Examples of such lines include European medical malpractice which can be highly profitable, when underwritten well by an expert insurer that sees it as a core line and devotes significant talent and management attention to the underwriting. Yet, when it’s a small, non-core line, at best it delivers little return – or even severe losses. Established European legacy carriers have experience of onboarding medmal portfolios to mutual benefit with the vendor. Similarly, professional liability or change of ownership businesses are now more frequently coming to market as they become non-core for several insurers.
To many of European insurance companies, who see themselves as not merely service providers but as embedded within the social fabric of the communities, countries or regions they serve, their reputation is of paramount importance. Even when a line becomes non-core, their promise to policyholders is sacred – and a legacy provider can only succeed if they treat the policyholders to the same standard. Legacy providers’ claims’ handling and operational setup all come under scrutiny when a deal comes on the market. And those that have that organised to the absolute highest standard are those that succeed.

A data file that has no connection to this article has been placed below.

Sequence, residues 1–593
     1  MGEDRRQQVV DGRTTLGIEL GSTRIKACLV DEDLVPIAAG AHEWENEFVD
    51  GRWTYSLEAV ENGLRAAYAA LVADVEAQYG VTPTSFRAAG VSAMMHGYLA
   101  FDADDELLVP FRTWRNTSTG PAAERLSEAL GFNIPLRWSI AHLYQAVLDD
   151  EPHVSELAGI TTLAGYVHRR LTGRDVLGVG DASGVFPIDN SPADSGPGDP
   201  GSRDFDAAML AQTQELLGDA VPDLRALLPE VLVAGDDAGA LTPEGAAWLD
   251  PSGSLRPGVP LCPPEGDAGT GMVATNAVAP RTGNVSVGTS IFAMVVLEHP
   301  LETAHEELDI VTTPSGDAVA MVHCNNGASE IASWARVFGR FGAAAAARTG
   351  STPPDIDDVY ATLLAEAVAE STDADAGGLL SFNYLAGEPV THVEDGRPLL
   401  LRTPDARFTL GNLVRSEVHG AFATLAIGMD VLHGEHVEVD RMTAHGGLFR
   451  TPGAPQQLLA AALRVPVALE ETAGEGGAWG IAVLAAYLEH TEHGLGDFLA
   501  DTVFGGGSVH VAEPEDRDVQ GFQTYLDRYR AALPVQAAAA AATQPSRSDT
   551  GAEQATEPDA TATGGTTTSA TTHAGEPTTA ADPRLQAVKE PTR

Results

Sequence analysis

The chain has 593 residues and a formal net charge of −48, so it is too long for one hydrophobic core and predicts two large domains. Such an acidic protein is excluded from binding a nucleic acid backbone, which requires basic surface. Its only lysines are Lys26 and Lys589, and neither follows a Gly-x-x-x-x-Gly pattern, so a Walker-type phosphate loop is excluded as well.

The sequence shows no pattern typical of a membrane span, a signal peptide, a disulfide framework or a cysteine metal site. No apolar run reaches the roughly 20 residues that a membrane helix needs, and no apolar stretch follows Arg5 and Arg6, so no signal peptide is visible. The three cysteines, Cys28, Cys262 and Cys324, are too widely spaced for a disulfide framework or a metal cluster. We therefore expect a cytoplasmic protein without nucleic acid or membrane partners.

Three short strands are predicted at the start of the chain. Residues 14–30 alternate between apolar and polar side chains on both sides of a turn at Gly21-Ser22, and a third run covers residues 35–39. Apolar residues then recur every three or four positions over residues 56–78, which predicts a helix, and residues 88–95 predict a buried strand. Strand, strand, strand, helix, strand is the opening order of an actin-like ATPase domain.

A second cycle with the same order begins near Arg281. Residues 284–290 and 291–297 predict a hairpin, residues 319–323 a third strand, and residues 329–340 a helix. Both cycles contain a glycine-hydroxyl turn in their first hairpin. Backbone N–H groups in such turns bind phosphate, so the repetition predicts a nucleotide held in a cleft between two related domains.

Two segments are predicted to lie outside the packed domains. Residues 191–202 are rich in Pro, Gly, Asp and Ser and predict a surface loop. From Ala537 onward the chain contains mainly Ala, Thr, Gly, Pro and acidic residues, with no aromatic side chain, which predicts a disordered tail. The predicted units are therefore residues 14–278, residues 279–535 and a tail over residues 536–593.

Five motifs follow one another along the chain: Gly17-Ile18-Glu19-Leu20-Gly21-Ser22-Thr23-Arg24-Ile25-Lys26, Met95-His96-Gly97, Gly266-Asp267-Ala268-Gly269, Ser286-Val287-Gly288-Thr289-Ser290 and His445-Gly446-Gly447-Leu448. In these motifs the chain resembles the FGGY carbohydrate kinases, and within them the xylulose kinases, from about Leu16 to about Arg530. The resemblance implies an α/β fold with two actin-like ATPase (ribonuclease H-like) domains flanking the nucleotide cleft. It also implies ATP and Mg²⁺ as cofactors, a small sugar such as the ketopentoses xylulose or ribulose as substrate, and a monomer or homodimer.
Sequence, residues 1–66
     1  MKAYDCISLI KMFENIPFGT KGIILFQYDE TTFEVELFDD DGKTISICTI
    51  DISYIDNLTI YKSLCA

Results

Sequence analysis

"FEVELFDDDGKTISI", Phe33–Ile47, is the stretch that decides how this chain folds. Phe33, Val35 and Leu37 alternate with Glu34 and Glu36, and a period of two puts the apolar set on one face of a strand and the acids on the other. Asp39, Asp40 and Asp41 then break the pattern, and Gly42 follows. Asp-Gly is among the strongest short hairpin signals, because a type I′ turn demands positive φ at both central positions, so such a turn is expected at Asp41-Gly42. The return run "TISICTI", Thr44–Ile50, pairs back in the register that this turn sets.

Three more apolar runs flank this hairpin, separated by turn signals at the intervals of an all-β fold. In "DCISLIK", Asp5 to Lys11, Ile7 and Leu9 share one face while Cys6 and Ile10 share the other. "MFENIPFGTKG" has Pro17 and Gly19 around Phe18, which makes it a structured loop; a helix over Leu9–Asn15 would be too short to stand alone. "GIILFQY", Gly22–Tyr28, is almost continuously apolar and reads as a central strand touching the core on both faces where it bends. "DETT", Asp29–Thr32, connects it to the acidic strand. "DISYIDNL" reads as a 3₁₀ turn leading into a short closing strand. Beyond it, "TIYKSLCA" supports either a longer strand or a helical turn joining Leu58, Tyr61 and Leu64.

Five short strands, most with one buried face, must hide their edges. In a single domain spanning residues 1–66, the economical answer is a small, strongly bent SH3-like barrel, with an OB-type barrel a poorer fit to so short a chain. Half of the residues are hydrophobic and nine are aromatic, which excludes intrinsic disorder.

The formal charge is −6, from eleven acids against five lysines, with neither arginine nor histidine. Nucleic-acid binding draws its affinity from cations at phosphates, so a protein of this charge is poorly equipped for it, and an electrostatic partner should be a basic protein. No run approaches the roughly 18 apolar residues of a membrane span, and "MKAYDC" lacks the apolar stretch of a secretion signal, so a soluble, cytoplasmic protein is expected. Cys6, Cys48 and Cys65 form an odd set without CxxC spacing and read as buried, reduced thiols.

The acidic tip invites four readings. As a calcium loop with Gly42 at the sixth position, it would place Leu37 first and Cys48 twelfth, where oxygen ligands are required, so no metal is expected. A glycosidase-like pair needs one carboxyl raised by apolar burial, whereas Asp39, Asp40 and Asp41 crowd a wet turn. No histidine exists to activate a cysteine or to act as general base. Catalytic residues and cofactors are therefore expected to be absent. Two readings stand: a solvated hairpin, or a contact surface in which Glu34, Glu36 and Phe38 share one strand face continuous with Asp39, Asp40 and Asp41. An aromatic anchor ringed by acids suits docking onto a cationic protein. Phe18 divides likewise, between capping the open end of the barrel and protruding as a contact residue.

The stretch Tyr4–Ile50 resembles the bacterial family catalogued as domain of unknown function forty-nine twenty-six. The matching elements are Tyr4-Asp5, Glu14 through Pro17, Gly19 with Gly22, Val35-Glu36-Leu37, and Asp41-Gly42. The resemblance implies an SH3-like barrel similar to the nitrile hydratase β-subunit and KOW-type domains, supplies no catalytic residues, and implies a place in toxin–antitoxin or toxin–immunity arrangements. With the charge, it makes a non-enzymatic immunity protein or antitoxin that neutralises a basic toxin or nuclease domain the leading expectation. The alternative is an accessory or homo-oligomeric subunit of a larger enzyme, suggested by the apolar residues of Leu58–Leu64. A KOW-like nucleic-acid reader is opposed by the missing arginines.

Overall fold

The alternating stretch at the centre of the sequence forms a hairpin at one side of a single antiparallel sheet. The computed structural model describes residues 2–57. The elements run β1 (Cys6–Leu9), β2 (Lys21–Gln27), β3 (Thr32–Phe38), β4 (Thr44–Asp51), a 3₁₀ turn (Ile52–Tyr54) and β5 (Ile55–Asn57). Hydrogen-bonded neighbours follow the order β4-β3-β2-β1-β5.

The increased willingness of large continental insurance groups to consider transferring portfolios to legacy carriers has certainly prompted mid-sized and even smaller insurers and reinsurers to evaluate the possibility. This, in turn, has contributed positively to the health of the market. More jurisdictions are opening up to the prospect of legacy solutions – while Germany, the Nordics and the Benelux are leading in continental Europe in this field, we have seen French, Italian and even Central and Eastern European providers begin to make enquiries.
Brokers play a key role. The rise of specialist legacy teams within brokers has helped both the market to mature and potential vendors to be reassured of the value in a transfer. Working in tandem with legacy providers, brokers can help educate the continental insurance market about both the strengths and weaknesses of specific legacy solutions and therefore establish legacy as a tool in the arsenal of operational efficiencies.
Regulators have also increased their scrutiny of legacy players, providing further reassurance to vendors that those that meet the high standards required will protect their reputation and their promise to insureds.
The continued drive of continental European insurance groups towards streamlining their operations caused by digital transformation will therefore, we believe, continue to stimulate the maturing of the legacy market. Legacy solutions should be considered as a strategic tool for insurers to increase their operational efficiency. The legacy market, in turn, must maintain its standards and reputation if it is to claim that role of legacy-as-service.